While most of us know thatÂ Dave ChappelleÂ walked away from an extremely lucrative, multi-million dollar deal at Comedy Central, very few of us actually know why, because he doesn’t like to talk about it. But he opened up toÂ Dave LettermanÂ last night, giving us some of the first insight into his decisions that anyone has gotten in seven years.
The third season of Chappelle’s ShowÂ was set to premiere in February 2005, but was pushed back due to delays and then canceled altogether after Dave abruptly left the show, walking away from an undisclosed amount of money for reasons that he’s hinted at over the years — chiefly that he didn’t like how fame was influencing his fan base.
But in his first appearance on The Late ShowÂ in ten years, after first saying that he doesn’t talk about what happened, Chappelle proceeded to do just that, explaining why he made the decision to quit one of the most successful shows and most lucrative deals to ever come through Comedy Central. But first things first? He didn’t quit.Â .Â first appearance on the show in ten years.
“Technically, I never quit. Iâ€™m seven years late for work.”
But Letterman kept pressing, and finally the details started to eke out. Rumors were swirling that Chappelle had moved to Africa full time for psychiatric treatment or some other hospitalization, but Chappelle says he was only there for a matter of weeks, and it was purely to hide.
“I was there for two weeks. There’s not too many good hiding places left in America. [...] It was like living in the corner of perception and reality, y’know what I mean? Itâ€™s a weird place to be. When everyone thoughtÂ Wesley Snipes was in jail, I saw him at a party.”
He does throw jokes like this in there every once in a while, but for the most part, the interview is extremely unguarded and open, an extreme rarity for Chappelle.
“It’s very hard to go through something like this, because no one’s really done it before. So there’s not too many people that donâ€™t think Iâ€™m crazy.”
To turn your back on millions of dollars, you’d certainly have to have a different perspective than most people, but Chappelle makes the excellent point that between someone who has $10 million and someone who has $50 million, there are very few differences in lifestyle — just ‘an astounding $40 million’, which seems to be the amount he was suggesting he was to be paid for subsequent seasons of Chappelle’s Show.Â Asked now if he regrets his choices then, he answered:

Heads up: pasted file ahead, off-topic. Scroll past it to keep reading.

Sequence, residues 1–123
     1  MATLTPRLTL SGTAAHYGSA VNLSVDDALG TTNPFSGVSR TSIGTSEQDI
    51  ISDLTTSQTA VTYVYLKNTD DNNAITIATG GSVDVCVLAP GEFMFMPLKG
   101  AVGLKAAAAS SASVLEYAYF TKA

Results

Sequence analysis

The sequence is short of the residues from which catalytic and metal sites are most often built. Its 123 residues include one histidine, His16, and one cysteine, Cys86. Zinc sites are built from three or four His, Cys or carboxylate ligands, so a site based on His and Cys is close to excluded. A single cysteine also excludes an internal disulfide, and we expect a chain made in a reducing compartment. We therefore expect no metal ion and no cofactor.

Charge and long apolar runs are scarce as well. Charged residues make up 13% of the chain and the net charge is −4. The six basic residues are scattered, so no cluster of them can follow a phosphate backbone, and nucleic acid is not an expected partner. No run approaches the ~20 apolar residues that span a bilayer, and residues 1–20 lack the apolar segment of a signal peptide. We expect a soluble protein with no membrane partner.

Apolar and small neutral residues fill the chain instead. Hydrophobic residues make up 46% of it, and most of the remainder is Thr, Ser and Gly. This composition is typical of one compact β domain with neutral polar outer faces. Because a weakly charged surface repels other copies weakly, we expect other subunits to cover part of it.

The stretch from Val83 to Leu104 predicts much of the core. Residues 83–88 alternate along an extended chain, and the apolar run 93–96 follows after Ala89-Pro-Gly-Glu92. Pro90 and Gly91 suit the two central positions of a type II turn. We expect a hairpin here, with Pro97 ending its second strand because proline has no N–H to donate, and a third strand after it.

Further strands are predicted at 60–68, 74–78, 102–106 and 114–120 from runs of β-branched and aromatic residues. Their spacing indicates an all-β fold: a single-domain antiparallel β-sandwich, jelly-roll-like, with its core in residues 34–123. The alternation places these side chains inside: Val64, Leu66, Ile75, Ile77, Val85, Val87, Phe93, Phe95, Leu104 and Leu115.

“Of course I would like to have that money, [but] it’s a very complicated answer.Â Money is the fuel for choices. Money gives me choices. So that’s not nothing, it’s something. I can choose where I want my kids to go to school. I can choose where I want to eat in a given day. But itâ€™s not the end-all, be-all. There are other things in my life that are not purchased with money that are very valuable.”
LEtterman points out that even if Chappelle had the money, there’s no way to know whether he’d be a better person or a happier person, to which Chappelle very candidly responds:
“I think I might be a happier person.”
Biiiig audience laugh, because it’s honestly a relief to know that Chappelle is a human being like us, and still thinks about that money sometimes and wonders if he made the right choice:
“I don’t know…there’s no way of knowing. But y’know, sometimes I listen to a Jay ZÂ record and it starts making me feel bad about the choices I’ve made. This guy’s had more fun on two songs than I’ve had in the last eleven years.”
Haaaa. That’s great. But no matter how Chappelle feels about it, I think the main thing that everyone’s so excited about is just him being around again. He hadn’t done a late night show since 2008, and now he’s not only back, but promoting his nine dates at Radio City Music Hall.
Here’s hoping he makes it through the whole thing and that nobody shouts ‘I’m Rick James, bitch!’ at him. This is why we can’t have nice things…